The dens of two snow leopard mothers and their cubs have been located in Mongolia for the first time, with new, unprecedented video showing the mothers and their young inside the den, a conservation organization announced yesterday (July 12).
Snow leopard dens are difficult to find because of the animals' secretive, elusive nature and the difficult, mountainous terrain in which they live. Finding the dens is an important step in learning more about the reproductive behavior and the young of this endangered species.
"We have spent years trying to determine when and where snow leopards give birth, the size of their litters, and the chances a cub has of surviving into adulthood," said Tom McCarthy, executive director of the snow leopard program at Panthera, a wild cat conservation organization.
Most of what has been previously known about snow leopards and their young has been gleaned from animals in zoos, where litters typically consist of one to three cubs. How big wild litters are and how the young fair in the wild — where they are subject to predation, disease, poaching and capture for the illegal wildlife trade — was not known.
The dens were discovered in Mongolia's Tost Mountains, where locals refer to the creatures as "Asia's Mountain Ghost."
A team of scientists from Panthera and the Snow Leopard Trust entered the dens when the mothers were away hunting. They found that the first had two cubs and the second, one. All three cubs were weighed, measured and photographed and handled with extreme care, according to a Panthera release. Two were fixed with tiny microchip ID tags (about the size of a grain of rice) that were placed under their skin for future identification.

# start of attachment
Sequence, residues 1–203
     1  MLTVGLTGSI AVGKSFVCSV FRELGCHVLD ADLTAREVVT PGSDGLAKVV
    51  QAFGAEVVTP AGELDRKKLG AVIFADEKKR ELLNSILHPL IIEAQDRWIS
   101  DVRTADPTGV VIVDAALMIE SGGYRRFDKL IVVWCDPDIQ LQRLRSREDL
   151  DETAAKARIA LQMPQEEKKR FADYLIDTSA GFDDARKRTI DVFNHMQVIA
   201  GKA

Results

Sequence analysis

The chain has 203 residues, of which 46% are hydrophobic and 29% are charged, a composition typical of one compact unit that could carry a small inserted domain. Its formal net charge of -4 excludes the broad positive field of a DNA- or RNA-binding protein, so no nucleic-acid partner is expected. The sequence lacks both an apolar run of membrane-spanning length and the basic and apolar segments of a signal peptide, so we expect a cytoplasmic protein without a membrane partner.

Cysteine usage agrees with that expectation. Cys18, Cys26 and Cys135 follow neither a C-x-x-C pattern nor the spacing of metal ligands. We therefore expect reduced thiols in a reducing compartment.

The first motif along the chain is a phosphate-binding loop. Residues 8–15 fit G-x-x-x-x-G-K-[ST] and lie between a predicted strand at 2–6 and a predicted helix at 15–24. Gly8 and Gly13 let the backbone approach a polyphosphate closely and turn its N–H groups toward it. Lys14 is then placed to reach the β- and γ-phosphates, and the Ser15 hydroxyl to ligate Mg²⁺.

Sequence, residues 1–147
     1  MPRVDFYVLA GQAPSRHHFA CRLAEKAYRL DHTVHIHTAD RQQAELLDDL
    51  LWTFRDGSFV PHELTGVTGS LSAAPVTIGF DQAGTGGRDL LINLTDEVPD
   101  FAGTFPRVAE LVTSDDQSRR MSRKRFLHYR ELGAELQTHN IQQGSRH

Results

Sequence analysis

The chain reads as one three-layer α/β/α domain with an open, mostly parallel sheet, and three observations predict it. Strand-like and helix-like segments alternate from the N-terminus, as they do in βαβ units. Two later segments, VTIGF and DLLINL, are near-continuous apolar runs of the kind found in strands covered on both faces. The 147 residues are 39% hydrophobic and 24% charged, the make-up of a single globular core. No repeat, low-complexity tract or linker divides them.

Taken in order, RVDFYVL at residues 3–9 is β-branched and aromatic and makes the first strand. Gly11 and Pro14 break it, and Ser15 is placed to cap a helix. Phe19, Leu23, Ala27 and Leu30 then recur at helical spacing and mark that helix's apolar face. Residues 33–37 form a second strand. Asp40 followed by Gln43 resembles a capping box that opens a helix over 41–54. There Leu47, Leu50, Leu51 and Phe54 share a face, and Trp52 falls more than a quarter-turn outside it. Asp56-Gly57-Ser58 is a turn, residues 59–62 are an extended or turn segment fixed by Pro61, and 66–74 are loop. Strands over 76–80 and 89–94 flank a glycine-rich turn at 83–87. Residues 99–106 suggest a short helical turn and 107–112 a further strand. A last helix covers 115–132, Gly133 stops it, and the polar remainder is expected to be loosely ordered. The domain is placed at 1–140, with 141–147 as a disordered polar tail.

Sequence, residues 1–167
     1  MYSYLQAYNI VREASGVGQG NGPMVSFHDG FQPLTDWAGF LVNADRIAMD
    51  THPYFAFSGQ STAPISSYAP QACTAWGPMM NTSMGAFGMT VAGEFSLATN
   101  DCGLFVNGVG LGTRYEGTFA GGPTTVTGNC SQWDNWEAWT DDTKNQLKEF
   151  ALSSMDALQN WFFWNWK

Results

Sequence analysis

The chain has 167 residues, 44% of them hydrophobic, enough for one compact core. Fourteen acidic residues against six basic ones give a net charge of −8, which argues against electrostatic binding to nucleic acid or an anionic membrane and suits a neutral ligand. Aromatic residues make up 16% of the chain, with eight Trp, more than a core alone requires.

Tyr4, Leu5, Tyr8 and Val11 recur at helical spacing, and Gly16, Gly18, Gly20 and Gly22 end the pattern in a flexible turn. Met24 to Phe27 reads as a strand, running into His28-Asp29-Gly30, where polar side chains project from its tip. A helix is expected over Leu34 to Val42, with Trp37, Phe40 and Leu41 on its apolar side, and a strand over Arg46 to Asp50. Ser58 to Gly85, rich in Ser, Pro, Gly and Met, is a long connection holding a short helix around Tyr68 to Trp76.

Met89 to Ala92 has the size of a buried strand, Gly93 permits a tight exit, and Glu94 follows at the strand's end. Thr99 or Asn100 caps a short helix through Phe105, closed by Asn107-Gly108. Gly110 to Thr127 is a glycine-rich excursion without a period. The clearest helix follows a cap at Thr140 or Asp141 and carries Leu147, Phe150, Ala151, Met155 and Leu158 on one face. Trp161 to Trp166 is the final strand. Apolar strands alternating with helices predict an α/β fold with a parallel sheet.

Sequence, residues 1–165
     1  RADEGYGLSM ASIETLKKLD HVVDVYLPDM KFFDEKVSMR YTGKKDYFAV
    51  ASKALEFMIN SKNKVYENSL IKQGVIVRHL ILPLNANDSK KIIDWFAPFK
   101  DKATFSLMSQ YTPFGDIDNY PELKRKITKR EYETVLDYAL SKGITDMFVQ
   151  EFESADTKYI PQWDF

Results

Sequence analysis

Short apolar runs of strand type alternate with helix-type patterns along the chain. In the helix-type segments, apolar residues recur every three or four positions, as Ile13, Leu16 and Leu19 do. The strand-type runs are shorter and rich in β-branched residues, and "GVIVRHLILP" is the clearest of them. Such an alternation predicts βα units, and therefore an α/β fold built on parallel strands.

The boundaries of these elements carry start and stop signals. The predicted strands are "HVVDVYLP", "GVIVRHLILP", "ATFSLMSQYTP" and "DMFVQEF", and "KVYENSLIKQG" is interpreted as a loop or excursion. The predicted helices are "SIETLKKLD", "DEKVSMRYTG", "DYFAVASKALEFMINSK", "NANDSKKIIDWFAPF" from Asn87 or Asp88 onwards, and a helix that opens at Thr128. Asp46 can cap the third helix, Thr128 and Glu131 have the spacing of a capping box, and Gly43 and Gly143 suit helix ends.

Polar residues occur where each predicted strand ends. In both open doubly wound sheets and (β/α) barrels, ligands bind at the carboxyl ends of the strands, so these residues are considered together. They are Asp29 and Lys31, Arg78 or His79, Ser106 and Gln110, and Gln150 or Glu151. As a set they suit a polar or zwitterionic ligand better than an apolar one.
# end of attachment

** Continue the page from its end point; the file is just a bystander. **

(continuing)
The use of these tags and observations from the team can help scientists learn how long the cubs stay in their den, when they begin to venture out with mom and how long and often mom leaves to go hunting.
A short video of the female and her cub bedded down in a partially man-made den was recorded from a safe distance by Orjan Johansson, Panthera's snow leopard field scientist and Ph.D. student, using a camera fixed to an extended pole. [Watch the video of the snow leopards.]
Over the ensuing days, the team monitored the mothers' locations to make sure they returned to their dens, which they did.
"Knowledge about the first days and weeks of life is vital to our understanding of how big cat populations work, and how likely it is for a newborn to reach adulthood and contribute to a healthy population. A valid conservation program requires such information, which this new development in snow leopard research provides," Howard Quigley, Panthera's (www.panthera.org) executive director of jaguar and cougar programs, said in the statement.
Only around 4,500 to 7.500 snow leopards are thought to remain in the wild. In recent years, pictures of snow leopards from camera traps have also been taken in other parts of the animal's range, including Bhutan, Siberia, Kashmir and Afghanistan.
This story was provided by OurAmazingPlanet, a sister site to LiveScience.